UPDATE: Lottery Winner's Body To Be Exhumed Today

CHICAGO (AP) -- Authorities plan to exhume the body of a Chicago businessman today in hopes of learning exactly how he ingested a lethal dose of cyanide.

Urooj Khan died in July as he was about to collect $425,000 in lottery winnings. His death was initially ruled a result of natural causes, but a relative pressed for a deeper look. Full toxicology results revealed in November that Khan was poisoned. His death was reclassified a homicide.

No suspects have been identified.

The Cook County Medical Examiner's Office hopes an autopsy, expected to be finished by Friday afternoon, will produce more evidence in the event the case goes to trial.

Spokeswoman Mary Paleologos says tests on Khan's organs also may determine whether the poison was swallowed, inhaled or injected

CHICAGO (AP) -- The Cook County medical examiner's office says it will likely be the end of next week before the exhumation of the body of a Chicago lottery winner.

Urooj Khan was fatally poisoned with cyanide just as he was about to collect his $425,000 payout. Medical examiner spokeswoman Mary Paleologos (PAY'-lee-oh-low-gohs) said Friday that there's no fixed date yet for Khan's exhumation. Earlier Friday a judge approved the request to unearth Urooj Khan's body in investigator's search for additional clues.

Paleologos says a full autopsy would most likely be conducted the day after the exhumation and Khan's body would be reburied quickly after that's done. Final results would be released after about two weeks.

She says the original funeral director would attend the exhumation to verify the remains are Khan.

CHICAGO (AP) -- Documents show the widow a Chicago lottery winner poisoned with cyanide has battled in court with several of his siblings over control of his estate, including his lottery winnings.

Urooj Khan died suddenly in July just as the 46-year-old businessman was about to collect $425,000 in prize money.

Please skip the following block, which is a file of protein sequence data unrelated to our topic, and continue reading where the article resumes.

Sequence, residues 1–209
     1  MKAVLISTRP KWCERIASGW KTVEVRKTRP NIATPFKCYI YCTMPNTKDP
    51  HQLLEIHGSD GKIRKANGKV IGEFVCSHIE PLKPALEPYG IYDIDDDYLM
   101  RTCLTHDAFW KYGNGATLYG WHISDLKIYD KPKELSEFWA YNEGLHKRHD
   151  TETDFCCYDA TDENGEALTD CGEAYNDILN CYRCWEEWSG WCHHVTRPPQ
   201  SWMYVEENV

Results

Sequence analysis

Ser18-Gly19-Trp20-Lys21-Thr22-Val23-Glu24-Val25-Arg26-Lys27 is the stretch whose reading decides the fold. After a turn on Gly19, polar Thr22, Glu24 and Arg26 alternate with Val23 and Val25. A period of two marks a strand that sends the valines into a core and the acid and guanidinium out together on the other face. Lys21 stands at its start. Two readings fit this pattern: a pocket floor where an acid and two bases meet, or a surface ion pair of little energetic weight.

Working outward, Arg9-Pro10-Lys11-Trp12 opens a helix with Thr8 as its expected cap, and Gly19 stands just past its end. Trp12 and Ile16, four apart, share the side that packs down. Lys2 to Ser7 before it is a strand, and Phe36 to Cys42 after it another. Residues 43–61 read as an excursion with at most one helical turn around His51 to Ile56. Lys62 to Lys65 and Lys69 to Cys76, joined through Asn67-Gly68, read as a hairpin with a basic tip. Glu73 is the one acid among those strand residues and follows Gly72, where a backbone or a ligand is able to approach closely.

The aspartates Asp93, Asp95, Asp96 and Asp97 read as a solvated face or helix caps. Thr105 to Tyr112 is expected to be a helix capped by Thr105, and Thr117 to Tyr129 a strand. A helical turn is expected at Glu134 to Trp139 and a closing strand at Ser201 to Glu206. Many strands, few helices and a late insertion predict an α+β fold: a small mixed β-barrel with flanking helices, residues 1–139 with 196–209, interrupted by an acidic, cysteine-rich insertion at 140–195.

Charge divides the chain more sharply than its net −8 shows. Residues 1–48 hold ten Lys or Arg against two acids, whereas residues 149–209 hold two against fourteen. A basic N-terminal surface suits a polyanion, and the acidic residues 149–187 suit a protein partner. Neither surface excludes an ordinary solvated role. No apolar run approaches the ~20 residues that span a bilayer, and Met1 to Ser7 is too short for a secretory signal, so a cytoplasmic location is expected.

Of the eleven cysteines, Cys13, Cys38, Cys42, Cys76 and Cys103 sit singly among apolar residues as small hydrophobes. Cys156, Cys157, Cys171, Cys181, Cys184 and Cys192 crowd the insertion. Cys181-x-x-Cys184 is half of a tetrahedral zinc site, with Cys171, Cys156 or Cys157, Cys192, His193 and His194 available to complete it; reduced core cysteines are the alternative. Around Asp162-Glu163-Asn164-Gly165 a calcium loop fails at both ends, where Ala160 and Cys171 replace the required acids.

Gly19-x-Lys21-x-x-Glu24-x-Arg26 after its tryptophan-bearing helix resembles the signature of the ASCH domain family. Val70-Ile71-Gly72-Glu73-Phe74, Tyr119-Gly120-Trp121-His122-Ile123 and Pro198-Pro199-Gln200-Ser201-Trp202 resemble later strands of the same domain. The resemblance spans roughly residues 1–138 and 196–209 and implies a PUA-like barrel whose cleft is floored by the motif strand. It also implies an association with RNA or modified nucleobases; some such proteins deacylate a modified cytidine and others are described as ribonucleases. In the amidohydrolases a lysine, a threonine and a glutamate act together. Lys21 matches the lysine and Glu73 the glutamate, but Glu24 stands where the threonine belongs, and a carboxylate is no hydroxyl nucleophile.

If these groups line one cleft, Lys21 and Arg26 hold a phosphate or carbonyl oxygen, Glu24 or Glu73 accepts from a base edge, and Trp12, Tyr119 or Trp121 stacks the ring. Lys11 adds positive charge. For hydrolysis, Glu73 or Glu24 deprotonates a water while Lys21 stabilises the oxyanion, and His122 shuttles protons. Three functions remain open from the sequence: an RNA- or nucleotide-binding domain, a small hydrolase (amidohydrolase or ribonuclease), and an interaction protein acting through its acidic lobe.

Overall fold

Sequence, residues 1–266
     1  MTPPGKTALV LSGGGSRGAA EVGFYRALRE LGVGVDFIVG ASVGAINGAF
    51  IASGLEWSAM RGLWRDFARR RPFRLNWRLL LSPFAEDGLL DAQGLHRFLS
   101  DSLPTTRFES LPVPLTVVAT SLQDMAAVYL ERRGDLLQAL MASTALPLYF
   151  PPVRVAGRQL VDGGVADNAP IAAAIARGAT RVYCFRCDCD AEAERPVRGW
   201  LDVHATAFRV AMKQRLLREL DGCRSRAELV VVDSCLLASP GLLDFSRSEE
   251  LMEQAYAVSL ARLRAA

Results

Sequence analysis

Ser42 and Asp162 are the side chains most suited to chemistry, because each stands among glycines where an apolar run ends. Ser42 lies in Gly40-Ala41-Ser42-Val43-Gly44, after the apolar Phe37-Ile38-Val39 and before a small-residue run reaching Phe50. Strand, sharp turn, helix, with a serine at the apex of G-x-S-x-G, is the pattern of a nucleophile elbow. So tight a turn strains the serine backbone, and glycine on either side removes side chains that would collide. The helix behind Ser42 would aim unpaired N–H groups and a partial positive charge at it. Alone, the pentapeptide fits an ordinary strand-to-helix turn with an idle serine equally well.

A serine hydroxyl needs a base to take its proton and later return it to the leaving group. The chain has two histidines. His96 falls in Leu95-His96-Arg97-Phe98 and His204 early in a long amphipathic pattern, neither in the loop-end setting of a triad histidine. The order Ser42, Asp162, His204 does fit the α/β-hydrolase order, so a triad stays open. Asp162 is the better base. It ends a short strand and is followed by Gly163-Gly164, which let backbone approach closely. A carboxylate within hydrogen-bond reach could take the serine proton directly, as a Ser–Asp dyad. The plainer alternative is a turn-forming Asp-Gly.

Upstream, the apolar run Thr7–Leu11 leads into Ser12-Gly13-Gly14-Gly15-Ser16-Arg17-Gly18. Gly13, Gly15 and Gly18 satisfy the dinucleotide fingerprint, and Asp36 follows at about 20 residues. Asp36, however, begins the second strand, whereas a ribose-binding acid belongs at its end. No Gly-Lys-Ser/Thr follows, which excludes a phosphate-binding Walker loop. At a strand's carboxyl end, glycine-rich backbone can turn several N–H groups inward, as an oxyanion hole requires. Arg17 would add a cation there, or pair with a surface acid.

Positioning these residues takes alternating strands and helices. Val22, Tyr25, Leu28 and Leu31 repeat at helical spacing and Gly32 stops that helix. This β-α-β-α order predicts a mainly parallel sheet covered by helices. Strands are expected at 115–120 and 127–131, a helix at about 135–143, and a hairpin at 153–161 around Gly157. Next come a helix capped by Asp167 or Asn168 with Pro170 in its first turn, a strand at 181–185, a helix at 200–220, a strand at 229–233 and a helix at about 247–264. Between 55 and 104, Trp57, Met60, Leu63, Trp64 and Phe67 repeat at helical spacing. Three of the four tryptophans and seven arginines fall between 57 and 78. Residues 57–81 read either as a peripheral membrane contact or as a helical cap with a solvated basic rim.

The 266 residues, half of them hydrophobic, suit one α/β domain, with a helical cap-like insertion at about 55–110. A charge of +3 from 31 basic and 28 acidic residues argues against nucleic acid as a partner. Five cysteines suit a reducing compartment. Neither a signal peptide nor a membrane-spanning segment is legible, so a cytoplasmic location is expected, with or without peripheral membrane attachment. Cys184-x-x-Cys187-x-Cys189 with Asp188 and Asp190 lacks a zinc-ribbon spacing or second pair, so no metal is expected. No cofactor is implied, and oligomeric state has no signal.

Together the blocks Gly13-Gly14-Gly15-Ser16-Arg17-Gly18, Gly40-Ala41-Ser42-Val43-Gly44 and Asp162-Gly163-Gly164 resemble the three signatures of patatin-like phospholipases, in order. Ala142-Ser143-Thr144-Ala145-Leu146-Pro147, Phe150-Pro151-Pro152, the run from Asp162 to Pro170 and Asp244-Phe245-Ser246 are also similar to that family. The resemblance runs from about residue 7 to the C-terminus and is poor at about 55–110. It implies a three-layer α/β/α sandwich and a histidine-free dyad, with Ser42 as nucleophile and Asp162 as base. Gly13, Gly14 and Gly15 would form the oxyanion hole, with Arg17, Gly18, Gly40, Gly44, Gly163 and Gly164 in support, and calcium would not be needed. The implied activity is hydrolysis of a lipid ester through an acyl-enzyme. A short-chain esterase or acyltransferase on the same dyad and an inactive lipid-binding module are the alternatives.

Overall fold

The court documents shed no light on the circumstances of Khan's death, but add a layer of drama to the story.

Khan's brother Imtiaz and sister Meraj Khan won an order from a probate judge in September to freeze the lottery check, asserting his widow tried to cash it. They expressed concern in court filings that Khan's daughter from a previous marriage might not get her share.

The widow, Shabana Ansari, denies removing assets from the estate.

CHICAGO (AP) -- Chicago police investigating the mysterious cyanide death of a lottery winner questioned his wife for more than four hours and executed a search warrant on their home.

Shabana Ansari's attorney, Steven Kozicki, says Ansari was subjected to a long session of questioning at a police station in November and that detectives searched the home.

Police have not said if Ansari is considered a suspect. Kozicki says she vehemently maintains she had nothing to do with the July death of her husband, Urooj Khan. Police have not spoken publicly of any suspects.

Khan died just days before he was to collect $425,000 in lottery winnings.

Authorities initially ruled the death a result of natural causes, but further tests showed he was poisoned and his death was reclassified as a homicide.

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